The Sendai Framework for Disaster Risk Reduction encourages investment in innovation and technology development in disaster risk management. However, needs for science and technology inputs are unmet, and there is a lack of policy making that is based on science and evidence. This paper identified three key issues that could help overcome these barriers: networking, coproduction of knowledge, and a stronger role played by academia. A number of innovative approaches and tools have been developed for disaster risk reduction (DRR); however, it has not yet been understood what the most effective DRR innovations are. A survey was conducted among representatives of academia, government, NGOs, and the private sector to identify the most effective DRR innovations. Community-based DRR and risk management received the most votes. Half of the top-10 list was taken up with innovative approaches, which shows that both products and approaches are widely recognized as innovations, and both contribute to the improvement of existing and traditional DRR as it tackles new challenges. To enhance the interfaces among science, technology, and policy making and the development and implementation of DRR innovations, the following is recommended: increasing coproduction with researchers and practitioners, continuing the sharing of innovation case studies, strengthening communication and dialogues among stakeholders using effective, national and local platforms, understanding that innovations are not limited to high-tech products but can be approaches as well, and pursuing research on the potential of Artificial intelligence (AI), communication tools, and innovations related to climate disaster that can improve current strategies and capacities for DRR.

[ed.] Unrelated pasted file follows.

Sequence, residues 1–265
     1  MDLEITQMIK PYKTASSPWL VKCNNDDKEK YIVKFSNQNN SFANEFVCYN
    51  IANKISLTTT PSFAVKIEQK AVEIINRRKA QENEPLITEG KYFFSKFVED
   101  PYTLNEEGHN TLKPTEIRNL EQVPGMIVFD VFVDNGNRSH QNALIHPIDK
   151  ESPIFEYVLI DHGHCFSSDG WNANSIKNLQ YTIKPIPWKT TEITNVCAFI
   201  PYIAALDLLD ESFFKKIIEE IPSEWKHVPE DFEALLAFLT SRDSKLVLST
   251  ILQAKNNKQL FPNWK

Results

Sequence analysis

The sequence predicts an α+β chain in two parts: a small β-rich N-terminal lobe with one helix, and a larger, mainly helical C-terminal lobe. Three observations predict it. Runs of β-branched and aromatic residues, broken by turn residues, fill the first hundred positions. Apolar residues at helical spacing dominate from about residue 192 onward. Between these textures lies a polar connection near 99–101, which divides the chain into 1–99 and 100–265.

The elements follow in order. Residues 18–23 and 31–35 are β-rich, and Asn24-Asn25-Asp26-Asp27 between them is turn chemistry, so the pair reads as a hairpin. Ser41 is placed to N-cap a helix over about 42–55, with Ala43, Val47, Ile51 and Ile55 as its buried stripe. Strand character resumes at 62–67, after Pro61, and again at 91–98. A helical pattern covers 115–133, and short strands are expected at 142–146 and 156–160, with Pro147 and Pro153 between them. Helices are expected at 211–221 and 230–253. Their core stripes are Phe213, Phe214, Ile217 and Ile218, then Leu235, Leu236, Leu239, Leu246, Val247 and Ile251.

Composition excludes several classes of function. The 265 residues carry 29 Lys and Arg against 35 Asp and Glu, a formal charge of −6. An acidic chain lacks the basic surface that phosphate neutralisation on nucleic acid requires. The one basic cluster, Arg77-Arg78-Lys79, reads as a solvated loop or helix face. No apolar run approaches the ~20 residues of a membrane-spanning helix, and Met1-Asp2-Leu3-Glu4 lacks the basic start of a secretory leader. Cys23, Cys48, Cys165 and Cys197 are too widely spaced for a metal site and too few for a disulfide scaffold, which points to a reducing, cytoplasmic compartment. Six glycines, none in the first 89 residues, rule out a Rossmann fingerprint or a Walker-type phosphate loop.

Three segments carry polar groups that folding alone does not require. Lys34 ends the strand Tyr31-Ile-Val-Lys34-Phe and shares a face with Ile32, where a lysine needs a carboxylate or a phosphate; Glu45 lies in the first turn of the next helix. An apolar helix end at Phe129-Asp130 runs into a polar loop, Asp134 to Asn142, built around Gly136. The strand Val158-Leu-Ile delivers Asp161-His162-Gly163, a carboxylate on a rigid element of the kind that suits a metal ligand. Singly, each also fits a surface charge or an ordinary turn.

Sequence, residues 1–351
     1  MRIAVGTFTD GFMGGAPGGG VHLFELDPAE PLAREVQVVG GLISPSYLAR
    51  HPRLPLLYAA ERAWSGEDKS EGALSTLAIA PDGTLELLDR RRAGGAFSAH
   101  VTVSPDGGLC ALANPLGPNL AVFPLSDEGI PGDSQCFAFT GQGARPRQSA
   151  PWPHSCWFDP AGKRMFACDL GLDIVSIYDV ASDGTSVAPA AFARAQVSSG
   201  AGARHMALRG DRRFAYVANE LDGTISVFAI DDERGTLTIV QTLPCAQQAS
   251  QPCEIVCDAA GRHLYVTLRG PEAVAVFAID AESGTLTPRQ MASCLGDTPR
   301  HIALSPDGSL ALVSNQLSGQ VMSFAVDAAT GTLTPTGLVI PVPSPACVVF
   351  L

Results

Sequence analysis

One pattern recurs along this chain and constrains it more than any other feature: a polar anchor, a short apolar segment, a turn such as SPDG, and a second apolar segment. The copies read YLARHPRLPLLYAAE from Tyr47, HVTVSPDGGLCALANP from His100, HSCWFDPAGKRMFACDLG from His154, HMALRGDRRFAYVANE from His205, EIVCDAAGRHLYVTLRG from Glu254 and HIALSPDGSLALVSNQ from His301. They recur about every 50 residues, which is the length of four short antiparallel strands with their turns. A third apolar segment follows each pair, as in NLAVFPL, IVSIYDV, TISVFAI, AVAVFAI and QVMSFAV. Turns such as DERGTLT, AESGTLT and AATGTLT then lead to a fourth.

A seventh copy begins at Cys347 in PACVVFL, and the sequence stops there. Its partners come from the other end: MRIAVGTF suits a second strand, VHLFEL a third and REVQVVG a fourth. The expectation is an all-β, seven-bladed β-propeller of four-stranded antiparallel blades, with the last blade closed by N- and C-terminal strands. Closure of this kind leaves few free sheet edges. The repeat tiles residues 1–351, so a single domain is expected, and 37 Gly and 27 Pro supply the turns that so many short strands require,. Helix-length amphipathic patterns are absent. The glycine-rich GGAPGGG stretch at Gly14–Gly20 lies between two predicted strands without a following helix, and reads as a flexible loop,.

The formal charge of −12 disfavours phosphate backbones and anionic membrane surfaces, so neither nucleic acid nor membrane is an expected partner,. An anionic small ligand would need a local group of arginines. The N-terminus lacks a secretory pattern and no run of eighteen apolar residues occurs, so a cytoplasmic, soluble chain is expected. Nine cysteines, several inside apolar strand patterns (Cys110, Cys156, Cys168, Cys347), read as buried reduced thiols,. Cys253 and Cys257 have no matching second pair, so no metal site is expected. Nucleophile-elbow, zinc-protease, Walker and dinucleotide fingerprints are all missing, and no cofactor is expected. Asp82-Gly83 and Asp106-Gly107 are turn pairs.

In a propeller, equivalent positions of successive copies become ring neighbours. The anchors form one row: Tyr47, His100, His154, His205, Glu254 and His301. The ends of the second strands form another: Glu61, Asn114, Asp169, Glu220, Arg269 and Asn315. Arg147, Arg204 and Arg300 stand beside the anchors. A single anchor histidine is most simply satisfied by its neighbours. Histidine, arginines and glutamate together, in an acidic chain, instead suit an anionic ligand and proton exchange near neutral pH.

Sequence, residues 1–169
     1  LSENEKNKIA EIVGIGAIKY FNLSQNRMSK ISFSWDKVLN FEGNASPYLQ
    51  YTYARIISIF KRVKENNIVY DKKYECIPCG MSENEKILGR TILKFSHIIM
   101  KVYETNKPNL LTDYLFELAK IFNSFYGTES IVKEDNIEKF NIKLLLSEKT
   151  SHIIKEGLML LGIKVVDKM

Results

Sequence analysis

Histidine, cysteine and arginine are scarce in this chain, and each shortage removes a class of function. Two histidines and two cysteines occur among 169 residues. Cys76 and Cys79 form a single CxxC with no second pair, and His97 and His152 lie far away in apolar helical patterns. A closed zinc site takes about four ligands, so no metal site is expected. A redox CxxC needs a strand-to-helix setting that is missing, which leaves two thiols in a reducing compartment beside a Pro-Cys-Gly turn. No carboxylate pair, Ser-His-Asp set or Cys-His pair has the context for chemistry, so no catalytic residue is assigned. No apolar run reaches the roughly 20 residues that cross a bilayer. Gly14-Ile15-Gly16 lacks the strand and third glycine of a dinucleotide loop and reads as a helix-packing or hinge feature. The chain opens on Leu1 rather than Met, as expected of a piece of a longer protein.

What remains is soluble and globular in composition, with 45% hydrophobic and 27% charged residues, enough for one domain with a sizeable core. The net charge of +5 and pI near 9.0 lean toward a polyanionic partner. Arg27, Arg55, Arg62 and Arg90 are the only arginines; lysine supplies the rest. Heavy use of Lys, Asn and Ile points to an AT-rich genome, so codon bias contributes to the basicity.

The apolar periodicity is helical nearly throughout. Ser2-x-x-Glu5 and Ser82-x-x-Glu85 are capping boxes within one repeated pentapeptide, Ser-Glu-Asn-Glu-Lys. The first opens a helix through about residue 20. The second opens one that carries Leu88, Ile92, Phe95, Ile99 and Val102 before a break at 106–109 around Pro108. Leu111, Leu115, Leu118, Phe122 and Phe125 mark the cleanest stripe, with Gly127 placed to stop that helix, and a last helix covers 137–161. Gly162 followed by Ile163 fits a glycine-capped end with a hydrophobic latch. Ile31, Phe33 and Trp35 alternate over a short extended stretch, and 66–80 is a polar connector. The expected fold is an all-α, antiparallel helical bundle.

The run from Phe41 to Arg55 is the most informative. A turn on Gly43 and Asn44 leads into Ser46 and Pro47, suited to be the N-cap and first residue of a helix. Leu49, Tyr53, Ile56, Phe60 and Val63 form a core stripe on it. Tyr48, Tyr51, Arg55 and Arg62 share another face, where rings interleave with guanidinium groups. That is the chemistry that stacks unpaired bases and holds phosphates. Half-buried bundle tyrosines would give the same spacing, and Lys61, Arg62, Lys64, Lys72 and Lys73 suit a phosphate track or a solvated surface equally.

ASJC Scopus subject areas
- Geography, Planning and Development
- Environmental Science (miscellaneous)
- Earth and Planetary Sciences (miscellaneous)
- Safety Research